Proposing Boundary Delimitation Changes in Malaysia


Up to Consolidated RepliesACE, March 11. 2015Translate




This question is posted by ACE on behalf of PN member Piang Yow Wong.

Original Question:
This question is about boundary delimitation issues in Malaysia. We seek PN members' advice on how to address the following issue:


  • As a result of large differences in constituency size, the value of votes is not equal across constituencies. For instance, a vote from the smallest constituency, Putrajaya (15,791 electors) is worth nearly 9 times the vote of the largest constituency, Kapar (144,369 electors).
  • We have analysed the maps and discovered that constituency size can be quite easily re-balanced to within +/- 20% of the average.


With this in mind,


  1. What steps can we take to persuade the Election Commission to consider our studies and offer better balanced constituencies?
  2. Should the Election Commission refuse to consider our proposals or consider and reject them, is there any remedial action that we can take?


The following Google document might answer some questions: https://docs.google.com/a/tindakmala...it?usp=sharing
Those who wish to access it may require approval from me (google's standard procedure). An email request will be sent to me and I will grant access ASAP.

Thank you for your kind assistance,
PY Wong

Question
Boundary delimitation resulting in disproportionate representation is an issue common in democratic states that, if extensive enough, can cause a breakdown in the democratic legitimacy of the offending state. In Malaysia, the misbalance in constituency representation is protracted to the point that a vote from the smallest constituency, Putrajaya (15,791 electors) is worth nearly 9 times the vote of the largest constituency, Kapar (144,369 electors). Malaysian political scientists have conducted an analysis on the boundary delimitation maps and discovered that constituency areas could potentially be re-drawn into +/- 20% of the average: a marked improvement from before.

Therefore, the question:

What steps can Malaysian citizens and political scientists take to persuade the Election Commission to consider the study and offer more balanced constituencies?

What actions can Malaysians take if their re-drawing proposal is refused?

Summary of Replies


Members of the Practitioners' Network were encouraged to provide guidance on the issue based on their geographic areas of expertise, first on the value of fair boundary delimitation, and subsequently on ways to address grievances to the government of Malaysia.


Boundary Delimitation Suggestions



  • During boundary delimitation, strict attention should be paid to both the geographic variables of land area and the demographic factors of population density and living space, as was done during the delimitation of Côte d'Ivoire.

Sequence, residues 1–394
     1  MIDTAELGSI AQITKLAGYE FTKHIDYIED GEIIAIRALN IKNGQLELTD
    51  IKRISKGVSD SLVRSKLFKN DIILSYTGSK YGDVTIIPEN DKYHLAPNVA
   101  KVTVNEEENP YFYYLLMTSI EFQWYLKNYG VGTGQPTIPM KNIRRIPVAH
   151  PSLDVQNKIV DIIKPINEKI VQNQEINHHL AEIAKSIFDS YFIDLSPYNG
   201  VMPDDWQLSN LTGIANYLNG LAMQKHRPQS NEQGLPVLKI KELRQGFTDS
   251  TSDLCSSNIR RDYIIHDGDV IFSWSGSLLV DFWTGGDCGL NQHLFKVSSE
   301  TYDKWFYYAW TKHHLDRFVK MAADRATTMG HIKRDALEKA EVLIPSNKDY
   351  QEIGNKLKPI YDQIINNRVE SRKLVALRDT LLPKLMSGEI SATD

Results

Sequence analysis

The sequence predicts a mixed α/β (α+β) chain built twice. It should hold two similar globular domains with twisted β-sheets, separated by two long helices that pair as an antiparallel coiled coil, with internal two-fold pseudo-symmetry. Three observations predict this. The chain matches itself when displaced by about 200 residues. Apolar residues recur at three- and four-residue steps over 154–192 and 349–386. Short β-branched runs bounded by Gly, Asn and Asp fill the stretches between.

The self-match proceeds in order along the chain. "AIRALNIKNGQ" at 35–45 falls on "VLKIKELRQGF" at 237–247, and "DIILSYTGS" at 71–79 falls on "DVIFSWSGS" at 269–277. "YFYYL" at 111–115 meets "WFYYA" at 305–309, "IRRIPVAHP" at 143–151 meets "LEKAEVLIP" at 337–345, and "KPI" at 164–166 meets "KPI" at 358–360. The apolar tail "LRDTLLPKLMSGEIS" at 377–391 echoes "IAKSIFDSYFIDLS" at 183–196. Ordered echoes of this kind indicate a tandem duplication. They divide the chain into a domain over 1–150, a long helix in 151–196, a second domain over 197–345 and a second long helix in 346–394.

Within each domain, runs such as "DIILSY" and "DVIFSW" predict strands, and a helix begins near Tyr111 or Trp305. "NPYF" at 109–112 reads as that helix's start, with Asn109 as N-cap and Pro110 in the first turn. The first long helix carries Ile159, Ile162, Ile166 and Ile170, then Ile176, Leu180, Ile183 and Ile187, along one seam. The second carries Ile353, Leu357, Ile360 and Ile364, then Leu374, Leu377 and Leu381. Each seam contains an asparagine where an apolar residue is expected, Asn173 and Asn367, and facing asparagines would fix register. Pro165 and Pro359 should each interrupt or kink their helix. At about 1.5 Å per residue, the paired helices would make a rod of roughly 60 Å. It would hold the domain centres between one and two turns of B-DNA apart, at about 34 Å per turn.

• Consider a specialized technical group of experts to work with Parliament to facilitate specialized boundary delimitation. In Mexico, the IME (their EMB) uses a mathematical and computerized system based on a Heuristic Model with 10 criteria: for example, legal factors, social factors, administrative factors, etc.
  • India recently utilized GIS maps to combat disproportionate representation. Prior to delimitation reform, one parliamentary constituency comprised of 350,000 population while another one had 3,400,000. In the recent delimitation exercise all the seven constituency of Delhi were re-drawn to represent equal population with variation of +/- 10%.
  • Focus on delimitation based on set of internationally-accepted standards of political and social factors, as Kenya did during their delimitation reforms prior to the March 2013 general elections.


Suggestions for Successful Lobbying



  • Conduct an argumentative advocacy campaign based on international standards to raise awareness. Participate in the public forum.
  • Check if the Electoral Commission of Malaysia has complied with the relevant stipulations relating to delimitation of constituencies. If the Commission is not in compliance, the issue is whether any interested entity, individual or political party, has the proper locus standi with respect to this issue before the court to compel the Commission to act.
  • Seek an audience with the EMB through memorandums or appointments.


Countries Studied

  • Côte d'ivoire
  • Mexico
  • India
  • Kenya
  • Malaysia


Contributing Members

  • Sinisa Bencun
  • Marguerite Yoli-Bi Kone
  • Deyanira Galindo
  • Carl Dundas
  • Noor Mohammad
  • Piang Yow Wong
  • Jesus Antonio Castellanos Vasquez
  • Immaculate Njenge


External Sources



  • Castellanos, Jesus (2004). The Electoral Administration in Venezuela and new challenges arising from the Constitution of 1999. Specialized Publications CAPEL of www.iidh.ed.cr
  • Jaramillo, Juan and Tickner, Arlene (1999). Colombia II, The Long Road to the renewal of the policy. Electoral Systems in the Andean countries. (Mechanisms, effects and alterations). Andean Parliament, Bogotá
  • http://www.bridge-project.org/en/cur...-synopsis.html